Dealing with self injury at work can be hard, particularly as there is very little information or legislation given on dealing with it. In this section we aim to provide advice and information how self injury might affect a workplace, including the disability discrimination act (UK) and what can be done to help.
The Disability Discrimination Act
The Disability Discrimination Act (DDA), first created in 1995, aims to end the discrimination that many disabled people face. The Act has since been extended, including the creation of the Disability Discrimination Act 2005. It now gives disabled people rights in the areas of employment, education, access to goods, facilities and services and the buying or renting of land or property, including making it easier for disabled people to rent property and for tenants to make disability-related adaptations.
The DDA defines a disabled person as someone who has a physical or mental impairment that has a substantial and long-term adverse effect on his or her ability to carry out normal day-to-day activities.
For the purposes of the Act:
* substantial means neither minor nor trivial
Some conditions, such as a tendency to set fires and hay fever, are specifically excluded.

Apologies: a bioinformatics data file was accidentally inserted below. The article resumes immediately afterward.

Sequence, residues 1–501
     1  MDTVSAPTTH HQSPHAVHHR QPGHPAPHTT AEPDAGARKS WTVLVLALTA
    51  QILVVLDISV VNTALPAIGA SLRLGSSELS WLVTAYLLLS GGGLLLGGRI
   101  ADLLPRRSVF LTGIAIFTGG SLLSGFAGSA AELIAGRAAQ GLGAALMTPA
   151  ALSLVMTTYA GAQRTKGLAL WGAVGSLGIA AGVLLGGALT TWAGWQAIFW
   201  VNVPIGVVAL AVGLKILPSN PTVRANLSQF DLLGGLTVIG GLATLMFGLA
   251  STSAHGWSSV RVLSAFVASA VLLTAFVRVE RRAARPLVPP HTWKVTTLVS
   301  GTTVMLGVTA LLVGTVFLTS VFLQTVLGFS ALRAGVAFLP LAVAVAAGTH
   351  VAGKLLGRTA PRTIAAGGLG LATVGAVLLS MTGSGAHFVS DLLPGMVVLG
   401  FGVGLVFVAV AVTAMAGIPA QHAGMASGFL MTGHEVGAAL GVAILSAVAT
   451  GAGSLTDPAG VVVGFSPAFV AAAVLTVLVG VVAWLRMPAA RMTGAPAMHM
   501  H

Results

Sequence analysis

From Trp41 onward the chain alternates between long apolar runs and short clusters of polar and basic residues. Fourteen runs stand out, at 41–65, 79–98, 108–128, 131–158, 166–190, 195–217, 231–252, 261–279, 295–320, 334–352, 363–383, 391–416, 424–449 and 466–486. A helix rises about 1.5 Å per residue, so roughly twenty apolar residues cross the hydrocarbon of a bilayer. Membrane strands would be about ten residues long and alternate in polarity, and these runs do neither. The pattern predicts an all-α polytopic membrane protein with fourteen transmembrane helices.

People who have had a disability in the past that meets this definition are also covered by the scope of the Act. There are additional provisions relating to people with progressive conditions.
The DDA 2005 nsured that people with HIV, cancer and multiple sclerosis are deemed to be covered by the DDA effectively from the point of diagnosis, rather than from the point when the condition has some adverse effect on their ability to carry out normal day-to-day activities.
It also amended the definition of disability by removing the requirement that a mental illness should be 'clinically well-recognised'.
Under the terms of the Act, if your mental illness has a substantial, adverse and long-term effect on your ability to carry out normal day-to-day activities then you are likely to be covered by the DDA.
The Act does not provide a list of impairments that are covered, but instead considers the effects of an impairment on a person. For example, someone with a mild form of depression with only minor effects may not be covered, while someone with severe depression with substantial effects on their daily life is likely to be considered as disabled under the Act.
Many people with a mental health condition do not think of themselves as 'disabled' - but they may have rights supported by the DDA.
* Definition of 'disability'
There are many different types of mental health conditions which can lead to a disability, including:
* dementia * depression * bipolar disorder * obsessive compulsive disorder * schizophrenia * self-harm
This is not an exhaustive list and there are varying degrees of severity. The charity Mind has factsheets on a range of mental health conditions in their 'Understanding' series.
More information on the DDA and mental health can be found on the Directgov website.
Information taken from the directgov website.
Written on the Body has been revamped and is now available. Find information here on self harm in schools and at home; how self harmers should be treated in hospitals and peer support for you, the carers of self harmers.
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Information we thought you might like to hand. Keep checking as this gets updated regularly.